MovingCities published, in the March-April 2014 issue of FRAME magazine #97, an interview with Lyndon Neri 郭锡恩 & Rosanna Hu 胡如珊 [NHDRO] looking back at their triumphant first decade in Shanghai 上海 while discussing project such as Design Republic Design Commune (Shanghai, 2012), Le Meridien HOtel (Zhengzhou, 2013) and FARINE (Shanghai, 2013). During the past decade, the couple’s venture into a range of creative disciplines has yielded an acclaimed diversity of furniture, interior design and architecture projects. Currently, they are exploring metropolises further afield, such as London, New York City, Singapore and Kuala Lumpur.
About Neri & Hu [NHDRO]
Founded in 2004 by partners Lyndon Neri and Rossana Hu, Neri&Hu Design and Research Office [NHDRO] is a multi-disciplinary architectural design practice based in Shanghai, China. Neri&Hu works internationally providing architecture, interior, master planning, graphic, and product design services. Neri&Hu’s location is purposeful. With shanghai considered a new global frontier, Neri&Hu is in the center of this contemporary chaos. The city’s cultural, urban, and historic contexts function as a point of departure for the architectural explorations involved in every project. Because new sets of contemporary problems relating to buildings now extend beyond traditional architecture, the practice challenges traditional boundaries of architecture to include other complementary disciplines.
A few extracts from the March-April 2014 issue interview with Neri & Hu [NHDRO] as published in FRAME magazine #97
Ten year is a milestone that suggests a moment of reflection, as you look back on the development of your practice.
Lyndon Neri It generates a mix of emotions. On the positive side, we feel blessed to have been given this platform in China, to have clients that trust and allow us to build what we propose – even designs that are anything but practical. But it’s heart-wrenching to recall projects that were never realized because of poor decisionmaking or inadequately managed design processes. We also face an ongoing dilemma with respect to our modus operandi. We employ a hundred people, which in most countries would be considered a corporate structure, yet we operate like a mom-and-pop shop and not at all like the streamlined organization many people think we are.
Looking at your work, I recognize a clear concept and an understanding of style. You combine a nice piece of dark wood with a bit of corrugated steel and punch some holes in a white wall to reveal a surface of old bricks. After adding a few beams à la Mies van der Rohe, you end up with a Neri&Hu whirlwind. Any comment?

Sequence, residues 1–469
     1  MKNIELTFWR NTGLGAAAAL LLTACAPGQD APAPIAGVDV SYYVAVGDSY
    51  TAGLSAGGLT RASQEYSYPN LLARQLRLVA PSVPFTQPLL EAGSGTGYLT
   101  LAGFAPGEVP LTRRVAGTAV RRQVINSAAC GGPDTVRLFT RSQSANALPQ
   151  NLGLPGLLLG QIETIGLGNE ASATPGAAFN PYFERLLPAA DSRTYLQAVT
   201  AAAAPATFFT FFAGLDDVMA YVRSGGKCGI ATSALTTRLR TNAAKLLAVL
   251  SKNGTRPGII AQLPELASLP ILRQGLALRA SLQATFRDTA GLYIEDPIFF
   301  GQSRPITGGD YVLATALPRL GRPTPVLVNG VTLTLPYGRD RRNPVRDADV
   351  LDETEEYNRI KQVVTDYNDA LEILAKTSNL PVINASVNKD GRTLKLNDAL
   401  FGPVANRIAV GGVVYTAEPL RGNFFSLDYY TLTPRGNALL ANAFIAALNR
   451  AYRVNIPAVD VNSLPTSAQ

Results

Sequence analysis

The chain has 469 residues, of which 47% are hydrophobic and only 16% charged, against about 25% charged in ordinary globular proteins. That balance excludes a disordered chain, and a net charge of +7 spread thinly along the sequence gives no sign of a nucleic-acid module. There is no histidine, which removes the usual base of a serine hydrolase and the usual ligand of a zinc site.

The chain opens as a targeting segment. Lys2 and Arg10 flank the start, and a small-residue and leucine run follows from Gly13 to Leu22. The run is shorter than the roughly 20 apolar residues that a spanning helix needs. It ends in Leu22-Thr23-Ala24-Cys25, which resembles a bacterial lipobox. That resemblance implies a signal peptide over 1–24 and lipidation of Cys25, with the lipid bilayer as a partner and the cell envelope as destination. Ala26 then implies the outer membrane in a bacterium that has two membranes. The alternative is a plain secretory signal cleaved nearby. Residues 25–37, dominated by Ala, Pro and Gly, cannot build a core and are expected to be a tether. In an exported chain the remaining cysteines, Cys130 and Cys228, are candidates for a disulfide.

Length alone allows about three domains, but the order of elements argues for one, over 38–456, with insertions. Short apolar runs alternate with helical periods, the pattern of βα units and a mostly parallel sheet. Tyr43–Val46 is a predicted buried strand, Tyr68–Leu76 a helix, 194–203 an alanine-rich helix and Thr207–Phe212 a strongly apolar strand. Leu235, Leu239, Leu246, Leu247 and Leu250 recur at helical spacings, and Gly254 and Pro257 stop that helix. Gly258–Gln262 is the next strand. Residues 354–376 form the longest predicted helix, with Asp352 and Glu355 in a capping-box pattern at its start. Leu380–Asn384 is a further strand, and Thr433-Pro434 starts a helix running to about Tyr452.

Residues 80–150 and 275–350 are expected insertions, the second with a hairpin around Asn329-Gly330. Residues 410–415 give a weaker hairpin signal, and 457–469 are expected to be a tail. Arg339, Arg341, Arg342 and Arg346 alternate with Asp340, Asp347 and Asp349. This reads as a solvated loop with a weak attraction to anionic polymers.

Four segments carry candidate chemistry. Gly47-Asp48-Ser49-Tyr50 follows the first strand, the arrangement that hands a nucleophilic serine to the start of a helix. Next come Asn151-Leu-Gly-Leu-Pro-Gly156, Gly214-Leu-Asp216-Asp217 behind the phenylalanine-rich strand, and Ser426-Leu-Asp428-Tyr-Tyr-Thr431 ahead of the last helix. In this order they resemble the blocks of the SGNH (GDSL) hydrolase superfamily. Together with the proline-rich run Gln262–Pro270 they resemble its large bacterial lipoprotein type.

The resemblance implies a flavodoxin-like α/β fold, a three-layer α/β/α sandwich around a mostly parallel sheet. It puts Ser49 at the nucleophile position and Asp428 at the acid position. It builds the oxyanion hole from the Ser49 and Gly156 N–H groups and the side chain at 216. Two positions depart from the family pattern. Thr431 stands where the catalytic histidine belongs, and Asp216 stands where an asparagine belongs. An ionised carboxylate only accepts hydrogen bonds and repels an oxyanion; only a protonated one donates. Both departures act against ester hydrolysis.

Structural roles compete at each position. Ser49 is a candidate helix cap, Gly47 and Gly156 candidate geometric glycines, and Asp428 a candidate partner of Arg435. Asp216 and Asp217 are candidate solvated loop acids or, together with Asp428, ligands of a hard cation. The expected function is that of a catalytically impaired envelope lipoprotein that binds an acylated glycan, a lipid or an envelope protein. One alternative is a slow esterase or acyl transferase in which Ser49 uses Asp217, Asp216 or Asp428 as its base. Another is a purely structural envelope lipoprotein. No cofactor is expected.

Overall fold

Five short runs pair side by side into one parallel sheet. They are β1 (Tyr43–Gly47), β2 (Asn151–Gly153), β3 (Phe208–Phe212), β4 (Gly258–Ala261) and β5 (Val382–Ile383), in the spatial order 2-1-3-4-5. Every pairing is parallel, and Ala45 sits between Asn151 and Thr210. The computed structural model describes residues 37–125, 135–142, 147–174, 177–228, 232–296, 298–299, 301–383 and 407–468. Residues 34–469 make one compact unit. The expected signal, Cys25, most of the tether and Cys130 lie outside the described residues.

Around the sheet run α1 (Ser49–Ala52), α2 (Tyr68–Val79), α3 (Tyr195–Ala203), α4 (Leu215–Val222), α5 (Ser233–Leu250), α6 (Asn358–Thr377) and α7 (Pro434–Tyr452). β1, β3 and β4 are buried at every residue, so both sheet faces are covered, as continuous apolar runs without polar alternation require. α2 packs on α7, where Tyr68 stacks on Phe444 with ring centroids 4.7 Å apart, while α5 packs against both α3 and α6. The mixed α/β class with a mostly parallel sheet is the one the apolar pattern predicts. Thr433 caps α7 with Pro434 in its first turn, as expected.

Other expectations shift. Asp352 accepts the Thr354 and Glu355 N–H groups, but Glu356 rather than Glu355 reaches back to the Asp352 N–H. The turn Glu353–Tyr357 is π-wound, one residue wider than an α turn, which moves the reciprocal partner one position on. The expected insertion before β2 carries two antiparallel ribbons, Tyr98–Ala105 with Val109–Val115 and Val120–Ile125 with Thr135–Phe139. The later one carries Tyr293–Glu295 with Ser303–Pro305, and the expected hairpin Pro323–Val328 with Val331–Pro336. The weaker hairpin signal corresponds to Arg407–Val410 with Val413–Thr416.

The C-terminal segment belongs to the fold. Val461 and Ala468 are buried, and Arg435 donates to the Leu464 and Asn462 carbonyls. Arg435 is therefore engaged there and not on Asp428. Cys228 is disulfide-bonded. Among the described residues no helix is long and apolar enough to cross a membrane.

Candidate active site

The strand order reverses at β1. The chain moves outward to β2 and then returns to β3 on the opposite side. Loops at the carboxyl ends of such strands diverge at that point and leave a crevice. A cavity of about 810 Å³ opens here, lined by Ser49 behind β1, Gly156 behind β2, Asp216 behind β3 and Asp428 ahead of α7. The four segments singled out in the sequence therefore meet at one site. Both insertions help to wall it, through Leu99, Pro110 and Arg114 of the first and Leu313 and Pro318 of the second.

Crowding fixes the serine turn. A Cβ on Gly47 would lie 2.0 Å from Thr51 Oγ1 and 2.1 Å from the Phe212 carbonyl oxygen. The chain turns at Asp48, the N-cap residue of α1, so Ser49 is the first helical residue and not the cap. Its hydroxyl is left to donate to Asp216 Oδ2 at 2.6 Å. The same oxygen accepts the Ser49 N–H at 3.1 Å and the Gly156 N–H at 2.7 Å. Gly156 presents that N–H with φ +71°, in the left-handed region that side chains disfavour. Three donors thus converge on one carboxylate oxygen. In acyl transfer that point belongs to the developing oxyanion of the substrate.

LN It makes me happy to hear you describe our current work this way, because our early projects had an almost retro-antique Chinese appearance and certainly no Miesian elements. It was hard to get past that phase, but when we got the Waterhouse commission we began developing a different approach to design.
RH What we really want is to shed any sort of stylistic signature, but that’s not easy, because design critics always want to put you into a box.
LN We’ll continue to move in the direction you describe, while also delving deeper into spatial relationships and into notions of public and private.
RH Other areas of interest are the interplay between high and low culture and the exploration of ‘local flavour’. Today we work a lot with Corten steel, but tomorrow it could be plastic.
Why do you like working in this city?
LN Shanghai is a platform for experimentation. A meeting in the West can include upwards of 20 consultants from different fields of expertise. It may seem organized and efficient, but it’s suffocating. Before you’ve even made a proposal, somebody slams a list of restrictions on the table. Instead of coming up with an idea, your job is to solve all these problems. Shanghai – and many other Chinese cities – provides us with a crazy, chaotic environment where, instead of consultants, you deal with a client who wants to hear about the programme, the profit-and-loss study, et cetera.
As architects in China, we’re more educated than a lot of our clients. They build their houses and see that three bedrooms are not enough. So they go for a bigger house – with 350 rooms – and call it a hotel. Or if their private art collection doesn’t fit into the living room, they build a museum. China’s a very interesting country – full of opportunities for architects and designers.
RH Don’t forget Chinese food, which is another good reason for living here.